Coffee and tea may not be considered products, which can save lives during disasters or crises, but they can still be comfort food. We need this type of food or drink, to keep our minds soothed and relaxed. Many people, even in their normal daily lives, need to drink coffee or tea daily, and can’t imagine their days without these.

If you’re one of these people, you should have plenty of these stored. Always keep them well sealed, away from moisture and heat. Since teas are basically dried herbs, they can catch mold if stored nearby a moisture source. If you store instant coffee, it’s probably already in its own sealed package so no worries about those.


Product #10 – chocolate

Another similar comfort food is chocolate. It can also have very long shelf life but the best way to keep it edible is for it to remain at room temperature. People may think that keeping it in the fridge may prolong its life, but that’s not the case. The shelf life doesn’t change, but if you keep it in the fridge and take it out later, it may ‘sweat’, that is, melt strangely. So, you don’t really need to keep it in a cold place. A normal room temperature is best.

Chocolate has also sugar in it, which acts as a preservative.  With time you may notice white areas on the chocolate, as it gets older with time. This is a process when the cacao butter rises to the surface of the chocolate, but doesn’t mean it’s inedible. It’s still fine, but the chocolate may have lost some taste and flavor.


Finally, if you prefer to store already prepared and cooked (and freeze dried) food, without you having to temper with it, one of the best food producers on the market (and among survivalists) is Mountain House. They sell virtually any type of meal, any flavor, etc.

Almost anything you can think of, they thought of as well. They make freeze dried food, which can almost literally, last forever. You can purchase in bulk amounts to fill in your food stores quickly. Other similar food manufacturers are Provident Pantry (mostly animal products), Honeyville Farms, Future Essentials, etc.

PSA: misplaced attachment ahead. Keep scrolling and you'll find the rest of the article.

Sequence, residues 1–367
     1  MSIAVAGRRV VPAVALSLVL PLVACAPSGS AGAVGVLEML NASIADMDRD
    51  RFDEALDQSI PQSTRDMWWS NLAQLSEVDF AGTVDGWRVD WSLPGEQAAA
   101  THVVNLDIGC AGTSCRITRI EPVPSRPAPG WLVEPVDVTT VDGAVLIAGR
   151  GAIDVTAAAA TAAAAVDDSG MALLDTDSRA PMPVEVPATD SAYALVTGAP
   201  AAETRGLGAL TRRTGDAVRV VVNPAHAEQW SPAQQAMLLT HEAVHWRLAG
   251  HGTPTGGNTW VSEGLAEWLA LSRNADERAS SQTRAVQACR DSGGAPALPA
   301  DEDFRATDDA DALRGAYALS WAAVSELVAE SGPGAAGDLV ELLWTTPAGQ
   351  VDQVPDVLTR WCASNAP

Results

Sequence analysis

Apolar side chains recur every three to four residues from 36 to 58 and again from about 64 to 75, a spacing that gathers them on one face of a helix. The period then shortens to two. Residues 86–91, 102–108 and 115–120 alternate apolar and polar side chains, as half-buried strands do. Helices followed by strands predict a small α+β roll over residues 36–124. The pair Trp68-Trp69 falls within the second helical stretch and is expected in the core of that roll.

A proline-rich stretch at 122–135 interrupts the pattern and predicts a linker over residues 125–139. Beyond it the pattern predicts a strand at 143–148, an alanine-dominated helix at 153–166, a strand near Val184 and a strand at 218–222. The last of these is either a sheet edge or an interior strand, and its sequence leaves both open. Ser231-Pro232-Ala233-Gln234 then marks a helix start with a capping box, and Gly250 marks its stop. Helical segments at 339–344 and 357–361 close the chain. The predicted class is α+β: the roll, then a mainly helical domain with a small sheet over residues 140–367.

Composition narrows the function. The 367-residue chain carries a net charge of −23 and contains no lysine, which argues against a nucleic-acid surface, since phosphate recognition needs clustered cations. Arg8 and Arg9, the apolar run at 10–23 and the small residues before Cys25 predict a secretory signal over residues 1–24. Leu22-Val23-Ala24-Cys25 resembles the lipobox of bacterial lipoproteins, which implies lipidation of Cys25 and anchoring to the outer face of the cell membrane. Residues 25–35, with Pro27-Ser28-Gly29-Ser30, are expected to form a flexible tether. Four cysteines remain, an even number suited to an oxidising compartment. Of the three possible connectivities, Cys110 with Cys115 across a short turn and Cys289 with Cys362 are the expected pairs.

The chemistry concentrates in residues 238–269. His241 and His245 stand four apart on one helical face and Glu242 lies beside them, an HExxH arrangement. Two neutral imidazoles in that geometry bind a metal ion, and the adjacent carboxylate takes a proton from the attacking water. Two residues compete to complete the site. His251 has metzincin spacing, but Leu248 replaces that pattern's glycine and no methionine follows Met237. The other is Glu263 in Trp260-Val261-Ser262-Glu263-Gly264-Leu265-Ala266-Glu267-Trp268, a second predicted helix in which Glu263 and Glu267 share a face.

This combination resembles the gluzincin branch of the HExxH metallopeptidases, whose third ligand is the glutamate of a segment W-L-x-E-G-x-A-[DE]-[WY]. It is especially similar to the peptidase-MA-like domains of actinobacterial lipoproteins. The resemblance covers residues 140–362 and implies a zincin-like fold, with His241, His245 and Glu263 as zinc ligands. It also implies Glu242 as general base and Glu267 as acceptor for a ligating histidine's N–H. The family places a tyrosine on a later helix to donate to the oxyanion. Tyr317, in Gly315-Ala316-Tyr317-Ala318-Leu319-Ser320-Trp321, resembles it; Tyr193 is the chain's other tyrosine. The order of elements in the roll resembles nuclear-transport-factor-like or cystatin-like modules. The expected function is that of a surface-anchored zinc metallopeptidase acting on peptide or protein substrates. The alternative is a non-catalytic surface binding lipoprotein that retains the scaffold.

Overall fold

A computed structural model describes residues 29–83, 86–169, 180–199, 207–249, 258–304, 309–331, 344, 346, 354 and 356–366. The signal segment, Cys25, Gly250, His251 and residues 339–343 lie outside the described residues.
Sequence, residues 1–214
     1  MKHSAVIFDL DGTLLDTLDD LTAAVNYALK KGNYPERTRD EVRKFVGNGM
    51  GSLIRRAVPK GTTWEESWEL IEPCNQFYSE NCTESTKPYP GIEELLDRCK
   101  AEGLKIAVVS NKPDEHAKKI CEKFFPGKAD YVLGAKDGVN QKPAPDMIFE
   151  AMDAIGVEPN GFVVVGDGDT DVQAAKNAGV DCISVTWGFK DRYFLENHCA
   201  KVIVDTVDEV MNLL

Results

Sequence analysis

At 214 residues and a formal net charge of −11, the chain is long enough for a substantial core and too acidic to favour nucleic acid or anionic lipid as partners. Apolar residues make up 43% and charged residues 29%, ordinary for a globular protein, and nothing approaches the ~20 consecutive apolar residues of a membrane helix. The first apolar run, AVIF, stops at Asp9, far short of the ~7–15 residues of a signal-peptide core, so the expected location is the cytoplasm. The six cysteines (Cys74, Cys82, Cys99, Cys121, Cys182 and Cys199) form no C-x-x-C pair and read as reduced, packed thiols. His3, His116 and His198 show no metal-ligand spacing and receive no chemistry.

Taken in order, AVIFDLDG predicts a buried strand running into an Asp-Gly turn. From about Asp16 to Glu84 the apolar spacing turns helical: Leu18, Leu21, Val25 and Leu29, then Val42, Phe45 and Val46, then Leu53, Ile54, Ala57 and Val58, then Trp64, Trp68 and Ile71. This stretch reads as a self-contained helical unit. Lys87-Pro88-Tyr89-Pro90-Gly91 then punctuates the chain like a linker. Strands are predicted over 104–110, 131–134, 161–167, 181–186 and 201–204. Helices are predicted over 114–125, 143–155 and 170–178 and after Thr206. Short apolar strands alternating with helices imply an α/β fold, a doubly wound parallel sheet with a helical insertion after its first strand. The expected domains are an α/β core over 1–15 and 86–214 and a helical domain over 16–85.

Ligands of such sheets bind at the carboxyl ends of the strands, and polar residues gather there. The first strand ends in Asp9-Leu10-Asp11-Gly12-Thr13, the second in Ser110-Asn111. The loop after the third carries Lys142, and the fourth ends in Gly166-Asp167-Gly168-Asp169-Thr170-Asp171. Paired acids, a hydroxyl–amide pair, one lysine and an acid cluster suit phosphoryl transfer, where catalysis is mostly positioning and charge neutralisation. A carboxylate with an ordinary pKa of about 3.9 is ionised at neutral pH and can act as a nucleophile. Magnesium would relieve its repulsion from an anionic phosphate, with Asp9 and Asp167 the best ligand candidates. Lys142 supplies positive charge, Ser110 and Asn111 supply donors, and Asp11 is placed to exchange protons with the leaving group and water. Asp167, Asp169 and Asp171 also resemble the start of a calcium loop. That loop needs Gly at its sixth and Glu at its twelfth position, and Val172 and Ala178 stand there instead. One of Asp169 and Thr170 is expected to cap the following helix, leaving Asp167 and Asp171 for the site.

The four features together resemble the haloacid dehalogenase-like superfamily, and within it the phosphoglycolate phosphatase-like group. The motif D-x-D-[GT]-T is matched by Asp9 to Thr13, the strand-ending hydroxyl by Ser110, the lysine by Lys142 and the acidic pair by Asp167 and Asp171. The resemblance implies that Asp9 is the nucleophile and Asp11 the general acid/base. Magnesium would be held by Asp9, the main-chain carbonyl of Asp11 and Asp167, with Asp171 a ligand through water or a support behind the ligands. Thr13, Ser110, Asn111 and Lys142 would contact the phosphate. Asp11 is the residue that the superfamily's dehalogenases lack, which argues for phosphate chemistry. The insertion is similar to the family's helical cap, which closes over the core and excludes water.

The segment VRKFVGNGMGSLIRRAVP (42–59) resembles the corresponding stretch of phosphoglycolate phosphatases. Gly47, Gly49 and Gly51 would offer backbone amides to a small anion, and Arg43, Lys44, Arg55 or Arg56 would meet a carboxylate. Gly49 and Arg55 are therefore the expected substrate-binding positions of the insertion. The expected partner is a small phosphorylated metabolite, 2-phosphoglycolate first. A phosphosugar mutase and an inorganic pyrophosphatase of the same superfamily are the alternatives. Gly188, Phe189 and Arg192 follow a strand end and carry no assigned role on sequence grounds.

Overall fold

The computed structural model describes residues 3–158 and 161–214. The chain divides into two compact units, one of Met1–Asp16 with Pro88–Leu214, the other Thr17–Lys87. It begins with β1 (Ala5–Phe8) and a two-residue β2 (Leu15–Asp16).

Some of the links in this post are affiliate links. This means that if you click on one of these links and make a purchase, I earn a small commission at no extra cost to you. Also, as an Amazon Affiliate, I earn from qualifying purchases. If the information in this post has been helpful, please consider purchasing through one of the links in this article. Thank you.

About the author

David Dawson

David Dawson is a retired security specialist with over 20 years of experience. He worked for a secret manufacturing facilities and hospitals in Illinois. David's responsibility was to protect people in case of any disaster or cataclysm that might occur. Now he keeps on doing it through teaching others about how to prepare and survive flood, earthquake or even war.


  • This list is excellent. I agree with honey but the honey should be 100% natural, one way to find out is to check the expiration date If it has an expiration date then it’s not natural. Honey never spoils and it is a great source of energy.

  • Indeed, honey that is 100% natural doesn’t spoil – if stored in proper conditions. However mot of the honey you can find in stores has added sugar and other elements.

  • Yes, oatmeal! You can make a lot of healthy snacks with a bowl of oatmeal grains. It makes great with dried fruits too. You can add milk or honey for added taste. :) I would also like to recommend kimchi. It is one of my favorite Korean side dishes and definitely will store up to your fridge for a long time.

    • You are certainly right! Oats are unbelievably nutritious, rich in antioxidants, contain powerful soluble fiber, and they can significantly lower cholesterol levels.

  • I love canned food for some reason ,and always keep a steady stack of them in my cellar.
    Do you have any advice regarding keeping drinks fresh in the case of no electricity?

  • The following ingredients should do it :
    • 1/2 k. sardines
    • 1 pc. carrot
    • 3 pcs. pickled cucumber
    • 2 pcs. bay leaf
    • ground pepper
    • salt
    • 1/2 cup olive oil
    • 1/2 cup water
    • fish sauce
    siling labuyo

  • Be careful with Pasta.Most if not all Pasta will have tiny larvae/eggs in them that will form little bugs and Pantry Moths if just taken home and stored. I put all my Pasta in the Freezer for a minimum of ten days and then seal it in airtight containers before storing on the shelf. This freezing process kills any larvae/eggs once frozen. You can use 1/2 gallon Ball Canning Jars which have good height and a lot of space for Pasta storage.

  • What an amazing idea! Personally, I would have just stored my pasta without considering the possibility of larvae interfering with the shelf life. Thanks for your views.